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Wembley Stadium
  France v Japan
Monday, August 6th, 2012, 5pm
Womens Olympic Football Semi Final
By Peter Gordon

Football wasn’t initially top of my list of Olympic events that I wanted to attend but given that most sports were sold out but were available for the Womens’ semi final for £20 and I’ve always wanted to see inside Wembley stadium it seemed too good an opportunity to miss.  There is unlikely to be another Olympics in my home city in my lifetime.

I go past Wembley stadium several times a week when travelling into Marylebone.  Getting there was very easy – the train took eight minutes from West Ruislip.  I was rather concerned about the pre match publicity advising against taking any bags whatsoever on pain of possibly missing the match, which seemed rather unreasonable.  As it was there was absolutely no queue whatsoever so I when through the “Males with bags” entrance where my bag was manually searched.  This can’t have taken more than two minutes, indeed I was through security within thirty minutes of leaving home. 

My first impression was favourable.  My cheap ticket was in the top tier which required going up three escalators. There was a large foyer that went around the complete stadium (indeed I walked the whole way around, apparently is about one kilometre. Presumably it can be segregated for cup finals and other such matches.  There were plenty of toilets, both male and female.  Presumably the stadium was designed to cope with a Barry Manilow concert as well as football matches.  There were queues outside the ladies’ at half time but it appeared to be moving fast.

Catering was expensive (as with other Olympic venues) but I brought sandwiches.  There were long queues for the water fountains although one very helpful catering assistant was taking peoples’ bottles and filling them, which was a nice touch.

I was in the back row.  The stadium is a large bowl and the top tier is quite steep so all seats give an unrestricted view.  Obviously the back row in a 90,000 seat stadium is not ideal if you are short sighted - I had trouble reading the big screen, but overall I was very impressed by the stadium.  The seats themselves were comfortable with reasonable leg room.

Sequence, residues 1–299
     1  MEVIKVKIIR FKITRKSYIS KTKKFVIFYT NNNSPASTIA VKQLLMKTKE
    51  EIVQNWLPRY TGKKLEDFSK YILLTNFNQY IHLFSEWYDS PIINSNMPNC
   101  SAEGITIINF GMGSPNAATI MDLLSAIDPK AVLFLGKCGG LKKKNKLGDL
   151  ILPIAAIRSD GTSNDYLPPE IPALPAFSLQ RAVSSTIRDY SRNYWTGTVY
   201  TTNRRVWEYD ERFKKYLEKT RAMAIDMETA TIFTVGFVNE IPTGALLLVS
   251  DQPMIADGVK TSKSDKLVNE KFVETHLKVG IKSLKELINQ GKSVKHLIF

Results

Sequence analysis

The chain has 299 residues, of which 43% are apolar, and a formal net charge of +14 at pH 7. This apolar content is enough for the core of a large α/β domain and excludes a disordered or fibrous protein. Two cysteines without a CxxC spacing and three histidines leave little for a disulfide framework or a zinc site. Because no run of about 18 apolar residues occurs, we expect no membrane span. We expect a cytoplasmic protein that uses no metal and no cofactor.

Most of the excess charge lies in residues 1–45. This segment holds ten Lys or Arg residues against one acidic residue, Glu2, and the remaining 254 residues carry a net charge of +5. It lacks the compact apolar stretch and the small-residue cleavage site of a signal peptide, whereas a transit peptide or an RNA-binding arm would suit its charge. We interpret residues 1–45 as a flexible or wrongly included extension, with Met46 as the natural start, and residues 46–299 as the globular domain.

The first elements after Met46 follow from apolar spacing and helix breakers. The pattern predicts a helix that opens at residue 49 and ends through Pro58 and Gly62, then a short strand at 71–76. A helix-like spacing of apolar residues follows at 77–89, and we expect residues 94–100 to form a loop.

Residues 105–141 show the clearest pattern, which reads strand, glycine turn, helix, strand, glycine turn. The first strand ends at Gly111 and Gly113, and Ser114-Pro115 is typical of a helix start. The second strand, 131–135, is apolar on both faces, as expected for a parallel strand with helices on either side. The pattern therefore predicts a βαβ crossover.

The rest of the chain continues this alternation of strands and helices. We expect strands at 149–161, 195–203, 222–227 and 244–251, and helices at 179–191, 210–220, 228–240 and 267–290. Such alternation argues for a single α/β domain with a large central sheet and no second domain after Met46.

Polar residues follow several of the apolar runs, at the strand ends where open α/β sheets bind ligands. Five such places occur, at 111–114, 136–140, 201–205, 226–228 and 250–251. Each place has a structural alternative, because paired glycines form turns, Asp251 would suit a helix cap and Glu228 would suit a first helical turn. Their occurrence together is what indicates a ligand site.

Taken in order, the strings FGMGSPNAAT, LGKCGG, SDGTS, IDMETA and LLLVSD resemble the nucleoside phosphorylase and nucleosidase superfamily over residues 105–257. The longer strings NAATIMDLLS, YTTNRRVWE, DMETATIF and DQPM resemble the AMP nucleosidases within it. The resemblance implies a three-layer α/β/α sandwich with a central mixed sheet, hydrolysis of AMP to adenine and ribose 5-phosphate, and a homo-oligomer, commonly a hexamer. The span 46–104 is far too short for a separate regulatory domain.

Unlike other Olympic events most stewards were provided by the stadium rather than the Olympic organisers. They were friendly and everything seemed well organised but then you don’t expect any agro at an Olympics Womens’ football match.

There were a surprising number of French & Japanese fans given that it was not clear who would be playing until the results of the quarter finals – I don’t know whether they were sold at the last minute or if the fans just struck lucky.  The bulk of the fans not surprisingly were British.  I would estimate that about 75,000 of the 90,000 seats were filled – certainly better than matches held outside London though not the full house of the final.  It was enough to create a good atmosphere, although the match did not really come to life until half way through the second half.  I think that the bulk of the neutrals were ending up cheering France who were playing more aggressively but behind – but also cheered Japan when they had a good break away.  Perhaps they just wanted extra time. But there wasn't to be any with Japan winning 2-1.

I rushed out immediately the final whistle had blown, trying to avoid the queues that I had encountered exiting another Olympic event.  Getting out of the venue was not a problem with wide staircases.  Obviously there was no need to segregate rival fans.  There were three separate queues at the Chiltern station for northbound trains depending upon destination, although all trains went from the same platform.  I had my doubts about this, but I was allowed on the platform in time to catch my planned train.  I’m not sure what it was like for those behind me.

If you like the tribalism of football this would not have been the match for you but I saw it as a once in the lifetime chance to see the Olympics.  Overall I was very pleased that I attended the match and had a great afternoon out.  Wembley is certainly a worthy national stadium.


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